Meet the man in Microsoft's rear-view

August 1, 2012: 12:24 PM ET

OnLive founder and CEO Steve Perlman talks about being a threat to Xbox, using Google TV as a Trojan horse against Sony, and the endless wait for Apple's approval.

By John Patrick Pullen, contributor

Last month, Sony purchased one of your competitors, Gaikai for $380 million. What does this say about cloud gaming?
It's the thing we were really looking for. The console manufacturers, understandably, have not had great things to say about cloud gaming. For the most part, we have been up against trying to establish credibility for a new way of doing gaming. Then this comes along.

Obviously we have a real system; we've got millions of users; we're selling games and you can play for hours on end, with multiplayer spectating and so on. So we have a fully implemented game system, and then we add new things that no one's had, like how these games work on mobile, massive spectating, the social features, et cetera. So, we have a really cool thing. The one thing we haven't had — that we just got with this announcement — was a game console maker saying, "Okay, this is the future of gaming."

OnLive scored big with some same-day launched titles. When do you think the tipping point will come for streaming games?
You'll be seeing a lot of TVs and media streamers, things like Roku boxes, that play Netflix or Google TV. And you'll be seeing Blu-Ray players coming out with OnLive built into them this fall. That's the point where people are going to say, okay.

So, not only will you have the micro-console, but you'll also be available in other manufacturers' devices?
Vizio and LG have both announced that. And Google TV — we're built into every Google TV. Ironically, that includes Sony but they're unlikely to announce that. They have a little different agenda. They're gently coming into this space, and they obviously have to be mindful of protecting their console. From Sony's point of view, if it really is the case that you can stream an experience through television that is comparable to that of a console, then, the question is why do you need a console? Why do you need a particular consumer electronics maker to be the only way that you can get games?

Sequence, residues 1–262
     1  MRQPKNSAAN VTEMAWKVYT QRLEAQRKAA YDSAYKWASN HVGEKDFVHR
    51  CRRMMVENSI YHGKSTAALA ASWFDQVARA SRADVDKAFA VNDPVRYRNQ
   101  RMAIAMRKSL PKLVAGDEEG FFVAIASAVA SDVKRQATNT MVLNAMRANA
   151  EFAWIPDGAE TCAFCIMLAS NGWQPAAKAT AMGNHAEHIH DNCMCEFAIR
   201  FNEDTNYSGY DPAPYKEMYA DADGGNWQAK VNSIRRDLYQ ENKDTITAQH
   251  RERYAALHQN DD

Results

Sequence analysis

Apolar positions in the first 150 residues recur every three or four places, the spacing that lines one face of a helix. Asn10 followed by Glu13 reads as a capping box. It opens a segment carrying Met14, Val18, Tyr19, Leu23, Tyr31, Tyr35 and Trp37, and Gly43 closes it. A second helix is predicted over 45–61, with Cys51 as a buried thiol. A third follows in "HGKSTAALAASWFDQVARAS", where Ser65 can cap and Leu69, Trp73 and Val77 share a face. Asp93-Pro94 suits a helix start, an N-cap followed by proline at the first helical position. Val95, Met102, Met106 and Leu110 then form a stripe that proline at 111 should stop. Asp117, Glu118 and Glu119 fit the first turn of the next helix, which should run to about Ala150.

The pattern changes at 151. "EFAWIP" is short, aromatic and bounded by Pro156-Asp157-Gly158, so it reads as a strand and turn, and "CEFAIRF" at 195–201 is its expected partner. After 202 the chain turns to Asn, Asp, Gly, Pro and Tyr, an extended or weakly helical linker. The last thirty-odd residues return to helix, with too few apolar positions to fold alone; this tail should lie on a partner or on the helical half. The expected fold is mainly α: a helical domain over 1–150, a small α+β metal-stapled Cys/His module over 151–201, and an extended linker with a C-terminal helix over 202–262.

In the past year, you've rolled out with Android, attempted to put an app on iOS, and now you're soon to be on televisions. OnLive also runs on set-top boxes like AT&T's U-verse. Has your company covered a lot of ground in a very short time?
We spread the spectrum…. Android covers a lot of ground on this. We have the tablets and kind of tablets with keyboards. There are phones with gamepads, like the Sony Xperia Play, that we support. Google TVs are coming out, which is covering a large number of manufacturers. We also work on set-top boxes. The U-verse set-top box is an example, but there are others. Then these media streamers are coming out. The Vizio Co-Star is a little box that hooks up to any TV. It's $100 and it gives you Google TV; it's very inexpensive.

Vizio is the largest TV maker in the United States and they sell in WalMart, Costco, Sam's Club, as well as through Amazon and other venues. So right there you're talking about vastly more reach than what you get from a little micro-console branded with OnLive. We're pre-loaded on that box, so once someone turns it on our icon is right there in front of them.

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Sounds like formidable platform. OnLive was also listed on a leaked Microsoft memo from 2009 as a threat and an acquisition target. That must have been pretty flattering, no?
(Laughter) If I could tell you all the different rumors of purchases or acquisitions… It's hard to comment on that. I guess if someone forged that, they did a pretty good job. We saw some sketches and it was fun to read. It wasn't too bad of an analysis of the market. But, I think that a lot of people have seen us as a very bellwether technology, and see us as extremely strategic. We're game-changers, figuratively and literally.

But surely Microsoft has the pipes to be able to stream games too, so it was a curious to see that memo.
There's no question that OnLive could go and fit together with a number of different company's strategies. As much as it fits in with company's strategies it also disrupts company's strategies, and so companies always have to balance that. It depends how large and how nimble the company is.

We're now the only non-captive technology at it. Before, we were the only one that had a product that people could buy games and play full games. Now, we're the only player out there. So, you know, everyone is looking and saying, "This isn't just an interesting thought experiment; this is a real technology."